Your guide to winning the economy debate at Thanksgiving dinner
Family dinner debates are like candied yams: Nobody really enjoys them, but they’re inevitable at Thanksgiving.
So if this year’s holiday discussion turns to the U.S. economy, we’ve got you covered. Whether your relatives want to talk about the job market as casual observers or parse Federal Reserve actions like super-nerds, we’ve prepared rebuttals for some of 2018’s most common platitudes.
Your relative says: I’ve read about the strong economy, but prices seem to climb relentlessly, while paychecks can’t keep up. You should’ve seen how much I paid for this turkey.
Your response: Let’s talk wages. They’re heading modestly higher at long last, and they’re moving up faster than inflation right now. In fact, price-adjusted median household incomes have finally surpassed 1999 levels over the past two years after taking a major recession-era hit, based on a census measure. Such gains may have been a long time coming, but they’re reaching the collective psyche: Consumers report feeling confident about their household financial futures across income levels, New York Fed survey data show.
While it’s true that prices are increasing at around 2% a year right now, economic policy makers aim for that kind of modest inflation. And as for Thursday’s dinner, it’s gotten a little bit cheaper over the past year. Turkey deflation — it’s a thing.
One relative says: President Trump has shifted America’s economy into high gear.
Another says: What are you talking about? His policies are irresponsible.
Your response: Simmer down, you two. Growth has indeed moved higher, helped by tax cuts and higher spending caps. There are nascent signs of more capital investment — one of the main goals of the Trump tax cuts. But business spending cooled recently, and data this week showed that durable goods orders slumped in October. The fiscal sugar high is expected to start wearing off in 2019, and those early signs suggest that it might have done little to nudge up the run-rate of the economy (though, to be fair, it’s still too early to tell). One thing is clear as annual budget deficits approach $1 trillion: They’re already leaving the country more indebted.
Your relative says: The Federal Reserve is getting a little aggressive with these interest rate hikes.
Your response: Have you seen the unemployment rate lately? It’s at its lowest level since Woodstock, and such a minuscule jobless rate is encouraging employers to raise wages. That’s a good thing, but the Fed wants to make sure the economy doesn’t overheat and stoke excesses and rapid price gains down the road. Because Fed rate increases start to bite after a year or more, policymakers are taking their foot off the gas now, so that they won’t have to slam on the brakes if inflation takes off.
Your relative says: The Fed threw around a bunch of free money and should’ve lifted rates sooner.
Your response: Show me the inflation. It undershot the Fed’s 2% goal for years, and even now, it’s only coming in right around that level on a core basis. Inflation expectations also remain a little on the low side. If the Fed had lifted rates aggressively and early, that might’ve made it harder for it to nudge prices up. Higher prices may sound bad, but if gains are too slow, the country risks deflation and it’s harder for employers to raise wages.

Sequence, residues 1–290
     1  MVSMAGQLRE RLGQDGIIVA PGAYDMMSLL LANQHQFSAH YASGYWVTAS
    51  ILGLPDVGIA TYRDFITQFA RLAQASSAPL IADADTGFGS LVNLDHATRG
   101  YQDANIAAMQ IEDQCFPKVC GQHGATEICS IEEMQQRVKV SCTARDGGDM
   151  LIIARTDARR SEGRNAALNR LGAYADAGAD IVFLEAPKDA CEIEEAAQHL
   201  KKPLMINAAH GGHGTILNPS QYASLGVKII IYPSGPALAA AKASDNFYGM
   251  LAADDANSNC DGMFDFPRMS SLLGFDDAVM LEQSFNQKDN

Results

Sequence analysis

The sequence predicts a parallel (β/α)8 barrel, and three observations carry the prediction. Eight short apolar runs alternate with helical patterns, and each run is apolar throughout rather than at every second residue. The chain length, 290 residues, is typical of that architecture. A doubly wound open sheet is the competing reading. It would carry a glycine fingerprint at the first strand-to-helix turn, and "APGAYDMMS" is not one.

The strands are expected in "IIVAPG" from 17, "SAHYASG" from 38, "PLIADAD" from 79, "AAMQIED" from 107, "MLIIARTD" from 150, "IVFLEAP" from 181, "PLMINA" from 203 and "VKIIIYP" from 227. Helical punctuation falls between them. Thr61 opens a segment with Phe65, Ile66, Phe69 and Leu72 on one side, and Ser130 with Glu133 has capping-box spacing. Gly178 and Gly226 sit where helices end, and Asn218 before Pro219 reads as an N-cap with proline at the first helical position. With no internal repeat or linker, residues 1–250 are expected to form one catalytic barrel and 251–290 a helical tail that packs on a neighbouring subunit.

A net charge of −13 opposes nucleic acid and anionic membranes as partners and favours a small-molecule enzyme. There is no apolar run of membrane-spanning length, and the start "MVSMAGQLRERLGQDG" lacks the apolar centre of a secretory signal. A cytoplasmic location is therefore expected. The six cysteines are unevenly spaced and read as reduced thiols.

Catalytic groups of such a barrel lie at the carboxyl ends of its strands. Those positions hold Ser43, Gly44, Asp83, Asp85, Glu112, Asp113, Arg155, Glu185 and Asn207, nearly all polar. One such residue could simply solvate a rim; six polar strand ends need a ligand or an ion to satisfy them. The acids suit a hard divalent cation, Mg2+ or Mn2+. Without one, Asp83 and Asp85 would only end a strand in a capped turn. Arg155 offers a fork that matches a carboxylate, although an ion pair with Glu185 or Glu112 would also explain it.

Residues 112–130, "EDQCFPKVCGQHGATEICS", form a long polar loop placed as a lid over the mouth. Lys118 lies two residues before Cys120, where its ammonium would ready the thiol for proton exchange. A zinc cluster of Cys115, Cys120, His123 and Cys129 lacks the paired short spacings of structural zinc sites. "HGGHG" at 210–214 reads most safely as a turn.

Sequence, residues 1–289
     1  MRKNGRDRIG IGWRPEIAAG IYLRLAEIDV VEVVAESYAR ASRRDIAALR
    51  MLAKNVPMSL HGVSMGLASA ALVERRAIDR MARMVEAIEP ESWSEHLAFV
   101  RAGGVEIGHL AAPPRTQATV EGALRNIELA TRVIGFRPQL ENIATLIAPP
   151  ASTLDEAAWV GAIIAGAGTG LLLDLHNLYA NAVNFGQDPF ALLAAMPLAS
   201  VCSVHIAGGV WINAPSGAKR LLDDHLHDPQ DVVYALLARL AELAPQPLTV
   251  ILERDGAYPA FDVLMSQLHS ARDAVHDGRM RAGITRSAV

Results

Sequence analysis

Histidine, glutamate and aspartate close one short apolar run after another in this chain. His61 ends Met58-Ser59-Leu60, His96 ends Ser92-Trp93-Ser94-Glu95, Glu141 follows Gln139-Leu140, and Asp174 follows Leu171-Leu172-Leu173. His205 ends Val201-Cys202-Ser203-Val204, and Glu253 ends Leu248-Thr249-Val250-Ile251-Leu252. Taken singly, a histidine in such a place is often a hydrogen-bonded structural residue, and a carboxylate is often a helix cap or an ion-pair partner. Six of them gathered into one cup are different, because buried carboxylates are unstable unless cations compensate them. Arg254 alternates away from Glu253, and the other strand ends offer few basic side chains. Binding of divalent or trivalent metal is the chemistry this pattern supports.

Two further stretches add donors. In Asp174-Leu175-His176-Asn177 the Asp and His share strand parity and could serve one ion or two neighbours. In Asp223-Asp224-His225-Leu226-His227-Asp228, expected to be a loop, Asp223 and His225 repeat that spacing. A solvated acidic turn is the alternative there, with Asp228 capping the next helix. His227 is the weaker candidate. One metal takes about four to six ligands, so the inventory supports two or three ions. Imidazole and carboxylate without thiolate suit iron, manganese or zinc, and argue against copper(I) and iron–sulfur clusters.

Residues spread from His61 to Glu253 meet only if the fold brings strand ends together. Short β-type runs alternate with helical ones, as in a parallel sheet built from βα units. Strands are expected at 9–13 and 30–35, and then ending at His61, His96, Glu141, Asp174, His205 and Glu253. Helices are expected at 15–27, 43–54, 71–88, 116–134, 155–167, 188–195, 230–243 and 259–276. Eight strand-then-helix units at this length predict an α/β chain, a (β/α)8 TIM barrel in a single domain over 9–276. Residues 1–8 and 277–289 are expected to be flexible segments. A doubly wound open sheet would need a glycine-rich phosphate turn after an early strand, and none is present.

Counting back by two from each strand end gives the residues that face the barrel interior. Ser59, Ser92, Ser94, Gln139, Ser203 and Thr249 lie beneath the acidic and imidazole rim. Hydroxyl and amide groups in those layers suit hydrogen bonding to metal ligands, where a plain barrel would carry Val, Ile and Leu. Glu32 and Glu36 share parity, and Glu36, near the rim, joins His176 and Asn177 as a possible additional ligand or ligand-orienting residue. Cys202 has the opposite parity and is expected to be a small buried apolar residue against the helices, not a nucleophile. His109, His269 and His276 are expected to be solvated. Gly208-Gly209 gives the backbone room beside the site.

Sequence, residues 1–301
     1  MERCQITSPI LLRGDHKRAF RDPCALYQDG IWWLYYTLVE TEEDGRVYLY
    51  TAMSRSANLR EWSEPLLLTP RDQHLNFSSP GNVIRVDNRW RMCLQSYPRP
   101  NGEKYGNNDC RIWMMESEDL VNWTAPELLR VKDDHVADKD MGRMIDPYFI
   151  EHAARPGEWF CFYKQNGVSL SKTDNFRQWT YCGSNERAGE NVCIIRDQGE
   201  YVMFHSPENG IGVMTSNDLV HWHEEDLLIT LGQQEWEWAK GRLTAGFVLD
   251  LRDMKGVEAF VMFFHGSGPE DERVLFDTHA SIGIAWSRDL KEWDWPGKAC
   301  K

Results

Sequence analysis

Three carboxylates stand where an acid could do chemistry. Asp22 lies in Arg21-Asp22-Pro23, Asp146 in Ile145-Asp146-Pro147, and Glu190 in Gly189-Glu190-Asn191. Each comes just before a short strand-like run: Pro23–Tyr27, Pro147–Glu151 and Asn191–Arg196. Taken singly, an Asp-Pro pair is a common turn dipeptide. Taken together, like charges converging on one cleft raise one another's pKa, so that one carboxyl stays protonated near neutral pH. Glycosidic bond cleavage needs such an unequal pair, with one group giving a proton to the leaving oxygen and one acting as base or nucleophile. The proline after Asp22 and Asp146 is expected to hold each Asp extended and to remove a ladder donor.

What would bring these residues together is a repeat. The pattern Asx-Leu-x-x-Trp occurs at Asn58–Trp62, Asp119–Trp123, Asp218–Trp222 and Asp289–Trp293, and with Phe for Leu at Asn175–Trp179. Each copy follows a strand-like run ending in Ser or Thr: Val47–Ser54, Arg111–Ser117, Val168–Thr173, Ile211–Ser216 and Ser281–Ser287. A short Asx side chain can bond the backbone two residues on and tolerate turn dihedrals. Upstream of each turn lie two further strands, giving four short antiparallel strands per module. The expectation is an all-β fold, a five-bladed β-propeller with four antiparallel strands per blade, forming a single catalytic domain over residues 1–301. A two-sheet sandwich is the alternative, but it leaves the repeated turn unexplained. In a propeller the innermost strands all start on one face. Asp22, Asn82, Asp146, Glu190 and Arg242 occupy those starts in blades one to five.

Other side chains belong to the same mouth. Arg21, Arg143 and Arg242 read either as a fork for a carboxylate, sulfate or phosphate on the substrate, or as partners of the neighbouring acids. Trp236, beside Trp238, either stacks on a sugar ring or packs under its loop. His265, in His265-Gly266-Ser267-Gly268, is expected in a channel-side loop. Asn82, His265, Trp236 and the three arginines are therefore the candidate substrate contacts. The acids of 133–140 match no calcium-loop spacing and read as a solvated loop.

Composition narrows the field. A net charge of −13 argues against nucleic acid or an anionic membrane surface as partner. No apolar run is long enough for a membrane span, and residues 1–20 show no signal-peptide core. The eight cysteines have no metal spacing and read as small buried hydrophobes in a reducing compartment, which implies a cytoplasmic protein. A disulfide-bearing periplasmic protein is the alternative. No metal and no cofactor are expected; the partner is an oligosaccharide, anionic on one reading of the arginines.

Your relative says: The booming stock market proves the United States is on the right track.
Your response: Equities did see a nice Trump bump, but stocks aren’t necessarily a great indicator of long-term economic activity. The bond market might offer better evidence of sustainably faster growth, and it’s not too optimistic. The fixed-income market’s relatively flat yield curve suggests an expectation that today’s solid economy isn’t on the cusp of an extended boom.
Your relative says: The federal funds rate is going to rise above the upper limit on its target range, if Fed Chairman Jay Powell isn’t careful.
Your response: He’s a man with a plan. Many economists expect the Fed to make another technical adjustment when officials meet in December to keep the funds rate trading within its target range. It does open a question, though: Is reserve scarcity driving the change, and if so, does that mean balance sheet runoff will have to stop earlier than planned? Fed officials don’t think so, but it’s a story to watch in 2019.
Your relative says: Quantitative easing didn’t work.
Your response: OK, gloves off. The central banking community remains divided on the efficacy of America’s three bond-buying programs after the financial crisis. Although “QE did work, and here’s the proof” studies have become a genre of economic research unto itself, at the end of the day, it’s hard to prove a counterfactual. What we do know is that the economy recovered, that interest rates were weighted down and that the Fed plans to keep bond-buying in its toolkit for the next recession.
Smialek writes for Bloomberg.
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